No, Being Black and Gay Does Not Suck

Apparently it sucks to be a black gay guy. At least that is what “Stevie” over at claims in his post “20 Reasons It Sucks To Be A Gay Black Man.” I hate this article. I am over articles like this one, which measures our worth as gay men by white men’s standards. Life as a gay black man sucks for Stevie (and all the Stevies of the world) because he is chasing after whiteness.

Stevie’s article mainly consists of reasons such as:

  • “Every day I’m consumed with the fear of rejection in a community where muscular white men are looked at in the highest regard.”
  • “At least 80% of the guys I meet are ‘not into black guys’. Seriously? You don’t even know me jackass.”
  • “Constantly being heart broken because that hot guy I met at Mickey’s doesn’t date black guys…”
  • “While LGBT acceptance is making great progress, gay black men still have to hide our sexual orientation from our parents and family.”

Why, Stevie, do so many of your reasons have to do with non-black men validating your desirability? Why, in general, is so much of your worth tied to your body? These are choices you are making. You are choosing to surround yourself, intimately, with people who don’t value blackness. I have always been told, “Birds of a feather flock together.” Perhaps if you truly valued and desired blackness more, it wouldn’t suck so much to be gay and black for you. You would seek out black-affirming spaces and people. Don’t get me wrong: I am not saying you only have to date black guys or have only black friends. What I am saying is that the moment you stop treating whiteness and white boys as the prize, your life changes.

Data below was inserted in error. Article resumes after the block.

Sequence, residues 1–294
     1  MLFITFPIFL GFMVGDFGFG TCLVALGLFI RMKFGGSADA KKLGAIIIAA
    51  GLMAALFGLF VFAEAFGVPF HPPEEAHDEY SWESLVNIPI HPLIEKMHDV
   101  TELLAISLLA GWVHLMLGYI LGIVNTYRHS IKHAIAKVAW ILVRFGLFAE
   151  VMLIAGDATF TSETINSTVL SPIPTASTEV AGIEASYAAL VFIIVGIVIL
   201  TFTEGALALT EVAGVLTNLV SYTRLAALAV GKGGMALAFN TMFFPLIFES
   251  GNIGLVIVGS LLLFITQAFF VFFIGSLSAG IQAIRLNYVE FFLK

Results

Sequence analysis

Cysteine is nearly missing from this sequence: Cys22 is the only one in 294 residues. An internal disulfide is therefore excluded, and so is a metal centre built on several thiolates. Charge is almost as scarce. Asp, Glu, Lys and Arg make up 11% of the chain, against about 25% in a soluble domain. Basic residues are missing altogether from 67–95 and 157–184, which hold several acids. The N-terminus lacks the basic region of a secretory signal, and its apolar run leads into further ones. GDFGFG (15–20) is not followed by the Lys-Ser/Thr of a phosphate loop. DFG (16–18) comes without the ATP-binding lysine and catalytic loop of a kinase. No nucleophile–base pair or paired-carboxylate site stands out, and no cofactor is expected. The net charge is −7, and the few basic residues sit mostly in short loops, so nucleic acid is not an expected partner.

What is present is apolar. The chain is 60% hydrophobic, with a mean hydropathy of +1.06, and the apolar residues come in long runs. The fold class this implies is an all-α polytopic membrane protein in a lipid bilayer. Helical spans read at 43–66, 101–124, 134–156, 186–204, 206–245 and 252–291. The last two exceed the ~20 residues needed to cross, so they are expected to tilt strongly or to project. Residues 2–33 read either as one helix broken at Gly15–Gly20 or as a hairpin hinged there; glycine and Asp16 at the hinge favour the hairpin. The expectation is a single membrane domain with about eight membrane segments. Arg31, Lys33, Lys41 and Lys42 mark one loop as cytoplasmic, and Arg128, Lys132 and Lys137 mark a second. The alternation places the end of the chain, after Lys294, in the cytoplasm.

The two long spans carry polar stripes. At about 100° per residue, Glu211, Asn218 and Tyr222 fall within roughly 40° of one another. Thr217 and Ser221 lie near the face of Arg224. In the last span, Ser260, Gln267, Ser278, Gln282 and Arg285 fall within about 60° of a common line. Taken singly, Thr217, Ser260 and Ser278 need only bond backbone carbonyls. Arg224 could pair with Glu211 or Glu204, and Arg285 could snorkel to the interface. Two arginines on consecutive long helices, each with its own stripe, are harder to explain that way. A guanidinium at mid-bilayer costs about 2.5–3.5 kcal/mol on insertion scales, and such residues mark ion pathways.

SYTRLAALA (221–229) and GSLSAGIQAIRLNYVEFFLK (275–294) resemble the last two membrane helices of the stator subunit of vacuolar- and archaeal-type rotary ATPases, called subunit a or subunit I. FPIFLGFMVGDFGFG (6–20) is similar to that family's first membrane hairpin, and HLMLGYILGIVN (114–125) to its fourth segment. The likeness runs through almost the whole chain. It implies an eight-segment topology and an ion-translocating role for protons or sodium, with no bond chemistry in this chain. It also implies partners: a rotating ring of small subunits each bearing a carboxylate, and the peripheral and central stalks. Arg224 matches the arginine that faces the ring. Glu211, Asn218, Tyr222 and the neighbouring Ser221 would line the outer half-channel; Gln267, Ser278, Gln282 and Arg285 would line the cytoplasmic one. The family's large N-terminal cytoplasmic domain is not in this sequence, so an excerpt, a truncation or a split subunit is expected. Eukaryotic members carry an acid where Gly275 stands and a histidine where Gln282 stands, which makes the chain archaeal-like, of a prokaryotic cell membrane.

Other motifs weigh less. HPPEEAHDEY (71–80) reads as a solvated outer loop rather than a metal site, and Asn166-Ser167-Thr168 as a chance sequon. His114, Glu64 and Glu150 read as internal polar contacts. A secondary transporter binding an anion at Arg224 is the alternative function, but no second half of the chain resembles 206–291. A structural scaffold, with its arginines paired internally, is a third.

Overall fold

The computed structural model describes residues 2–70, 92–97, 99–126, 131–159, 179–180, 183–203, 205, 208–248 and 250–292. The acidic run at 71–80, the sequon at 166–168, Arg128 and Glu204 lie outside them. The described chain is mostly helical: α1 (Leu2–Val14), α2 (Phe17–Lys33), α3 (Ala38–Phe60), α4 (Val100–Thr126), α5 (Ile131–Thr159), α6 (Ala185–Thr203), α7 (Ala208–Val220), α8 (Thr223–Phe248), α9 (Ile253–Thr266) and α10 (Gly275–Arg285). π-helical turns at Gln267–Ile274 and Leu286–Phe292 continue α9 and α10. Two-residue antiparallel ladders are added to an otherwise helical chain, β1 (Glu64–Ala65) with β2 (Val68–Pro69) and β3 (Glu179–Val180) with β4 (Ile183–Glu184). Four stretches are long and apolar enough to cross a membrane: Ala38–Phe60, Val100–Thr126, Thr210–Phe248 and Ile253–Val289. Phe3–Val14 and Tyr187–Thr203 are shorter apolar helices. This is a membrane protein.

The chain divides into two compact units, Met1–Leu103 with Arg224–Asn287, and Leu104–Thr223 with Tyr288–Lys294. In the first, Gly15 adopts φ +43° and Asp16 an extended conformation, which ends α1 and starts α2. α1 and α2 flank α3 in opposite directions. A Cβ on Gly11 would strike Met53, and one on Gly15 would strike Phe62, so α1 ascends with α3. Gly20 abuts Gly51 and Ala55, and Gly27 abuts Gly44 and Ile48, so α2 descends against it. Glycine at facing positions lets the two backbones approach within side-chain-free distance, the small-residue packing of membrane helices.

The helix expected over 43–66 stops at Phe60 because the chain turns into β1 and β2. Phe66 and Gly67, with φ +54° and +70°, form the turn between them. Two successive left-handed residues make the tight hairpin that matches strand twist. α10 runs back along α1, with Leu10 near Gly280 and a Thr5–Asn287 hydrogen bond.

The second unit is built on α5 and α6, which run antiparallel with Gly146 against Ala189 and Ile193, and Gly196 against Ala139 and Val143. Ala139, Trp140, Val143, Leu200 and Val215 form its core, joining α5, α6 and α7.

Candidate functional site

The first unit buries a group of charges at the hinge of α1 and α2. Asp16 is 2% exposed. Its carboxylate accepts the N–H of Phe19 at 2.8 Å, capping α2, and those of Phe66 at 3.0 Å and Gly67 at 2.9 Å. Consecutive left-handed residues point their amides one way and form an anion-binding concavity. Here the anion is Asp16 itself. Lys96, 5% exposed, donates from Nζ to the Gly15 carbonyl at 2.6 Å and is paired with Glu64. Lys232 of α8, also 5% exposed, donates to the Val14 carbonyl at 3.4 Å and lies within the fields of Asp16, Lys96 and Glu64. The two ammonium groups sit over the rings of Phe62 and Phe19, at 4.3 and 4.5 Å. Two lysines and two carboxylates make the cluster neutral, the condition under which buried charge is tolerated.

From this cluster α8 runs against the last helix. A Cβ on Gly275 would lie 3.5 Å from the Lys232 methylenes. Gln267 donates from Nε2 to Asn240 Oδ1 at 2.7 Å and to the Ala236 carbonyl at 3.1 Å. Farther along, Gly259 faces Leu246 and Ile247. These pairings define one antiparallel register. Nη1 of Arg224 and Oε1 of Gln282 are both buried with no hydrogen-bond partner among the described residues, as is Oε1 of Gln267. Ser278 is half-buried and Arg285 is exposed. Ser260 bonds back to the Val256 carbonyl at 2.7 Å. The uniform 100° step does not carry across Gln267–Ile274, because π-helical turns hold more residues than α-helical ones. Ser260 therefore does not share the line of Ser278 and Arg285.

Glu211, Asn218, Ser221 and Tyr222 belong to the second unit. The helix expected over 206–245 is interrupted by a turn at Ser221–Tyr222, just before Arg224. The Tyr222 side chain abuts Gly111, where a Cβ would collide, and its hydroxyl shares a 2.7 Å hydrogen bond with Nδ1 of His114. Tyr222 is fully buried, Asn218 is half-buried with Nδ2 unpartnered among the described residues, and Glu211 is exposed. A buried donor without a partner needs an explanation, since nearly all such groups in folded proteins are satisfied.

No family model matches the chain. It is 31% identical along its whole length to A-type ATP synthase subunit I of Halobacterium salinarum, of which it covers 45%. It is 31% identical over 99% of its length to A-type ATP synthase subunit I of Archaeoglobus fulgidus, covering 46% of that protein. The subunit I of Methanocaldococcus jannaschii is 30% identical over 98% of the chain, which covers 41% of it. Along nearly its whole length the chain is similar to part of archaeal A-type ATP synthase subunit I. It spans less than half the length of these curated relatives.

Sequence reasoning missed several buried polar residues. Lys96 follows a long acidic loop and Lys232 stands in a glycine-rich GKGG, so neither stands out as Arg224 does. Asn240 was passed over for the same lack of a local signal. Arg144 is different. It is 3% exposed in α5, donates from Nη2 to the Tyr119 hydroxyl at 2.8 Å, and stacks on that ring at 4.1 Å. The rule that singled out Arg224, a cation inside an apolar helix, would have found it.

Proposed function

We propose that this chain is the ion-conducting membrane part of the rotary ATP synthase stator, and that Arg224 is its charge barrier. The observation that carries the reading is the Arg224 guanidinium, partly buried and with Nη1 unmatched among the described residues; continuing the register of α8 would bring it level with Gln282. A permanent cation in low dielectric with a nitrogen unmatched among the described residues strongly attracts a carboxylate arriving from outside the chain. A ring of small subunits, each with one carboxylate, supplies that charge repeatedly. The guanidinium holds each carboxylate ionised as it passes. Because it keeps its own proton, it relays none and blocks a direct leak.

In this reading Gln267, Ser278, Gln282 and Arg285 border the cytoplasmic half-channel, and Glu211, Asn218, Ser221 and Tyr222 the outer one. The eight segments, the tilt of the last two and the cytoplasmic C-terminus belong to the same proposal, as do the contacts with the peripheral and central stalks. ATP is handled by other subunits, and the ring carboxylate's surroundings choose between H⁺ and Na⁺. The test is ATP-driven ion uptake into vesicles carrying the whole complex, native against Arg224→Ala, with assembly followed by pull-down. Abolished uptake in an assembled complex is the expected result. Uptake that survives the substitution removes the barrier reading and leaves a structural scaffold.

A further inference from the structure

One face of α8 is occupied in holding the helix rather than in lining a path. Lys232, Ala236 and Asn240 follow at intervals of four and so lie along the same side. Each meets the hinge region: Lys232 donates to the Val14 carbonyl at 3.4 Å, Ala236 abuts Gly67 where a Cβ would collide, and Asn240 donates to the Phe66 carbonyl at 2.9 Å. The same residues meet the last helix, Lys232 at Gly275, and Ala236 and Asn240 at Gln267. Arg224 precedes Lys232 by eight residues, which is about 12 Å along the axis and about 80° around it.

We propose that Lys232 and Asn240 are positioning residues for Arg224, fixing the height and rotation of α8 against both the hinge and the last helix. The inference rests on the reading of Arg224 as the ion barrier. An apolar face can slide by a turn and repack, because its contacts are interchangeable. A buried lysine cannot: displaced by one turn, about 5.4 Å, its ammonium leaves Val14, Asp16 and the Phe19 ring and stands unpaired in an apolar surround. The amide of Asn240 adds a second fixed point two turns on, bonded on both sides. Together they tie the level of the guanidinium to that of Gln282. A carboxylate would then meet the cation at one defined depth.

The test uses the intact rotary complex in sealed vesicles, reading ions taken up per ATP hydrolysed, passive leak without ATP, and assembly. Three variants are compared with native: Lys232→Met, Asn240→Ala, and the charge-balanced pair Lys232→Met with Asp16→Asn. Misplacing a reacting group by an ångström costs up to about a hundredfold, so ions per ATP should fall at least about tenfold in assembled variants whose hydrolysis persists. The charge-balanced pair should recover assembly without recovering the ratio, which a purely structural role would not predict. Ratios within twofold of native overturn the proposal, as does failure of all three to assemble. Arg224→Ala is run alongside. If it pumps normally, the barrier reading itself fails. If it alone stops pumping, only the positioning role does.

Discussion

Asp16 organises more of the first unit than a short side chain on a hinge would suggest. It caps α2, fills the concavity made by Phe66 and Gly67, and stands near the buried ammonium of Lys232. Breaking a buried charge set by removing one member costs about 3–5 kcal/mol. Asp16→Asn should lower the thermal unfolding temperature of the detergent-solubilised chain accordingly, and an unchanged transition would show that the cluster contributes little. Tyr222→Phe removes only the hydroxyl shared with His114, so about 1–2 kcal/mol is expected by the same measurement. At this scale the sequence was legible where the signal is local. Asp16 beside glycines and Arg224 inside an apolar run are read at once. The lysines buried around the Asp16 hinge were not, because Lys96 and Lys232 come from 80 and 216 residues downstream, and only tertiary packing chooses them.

While I know, as a friend of mine says, “love is where you find it,” the unasked questions is: Where the hell have you been looking? Which bodies do you value? I value black bodies that delight in and appreciate blackness. That is, I value folk E. Patrick Johnson would call “quare.” I believe that black men loving black men is a revolutionary act, and I include romantic love and sexual desire in this revolution.

The moment we black folk start valuing ourselves in every way, the moment we stop judging our beauty and our worth by how close we can approximate some white ideal, the moment we see each other as the prize, the moment we chase after blackness as hard as so many of us chase after whiteness, the moment we define for ourselves what it means to be black and gay is the moment life won’t “suck.”

And this is not to be naïve and suggest that there isn’t critical work that needs to be done in the gay community at large, nor am I suggesting that our black heterosexual brothers and sisters don’t have work they need to do, but I am saying that if you continue to live your life based upon the definitions handed to you by whiteness, the rules put into place by whiteness, and the logic that white is right and the only good, then, yeah, life for you will suck. And I’ll have little sympathy for you. Pity, yes, but sympathy? No.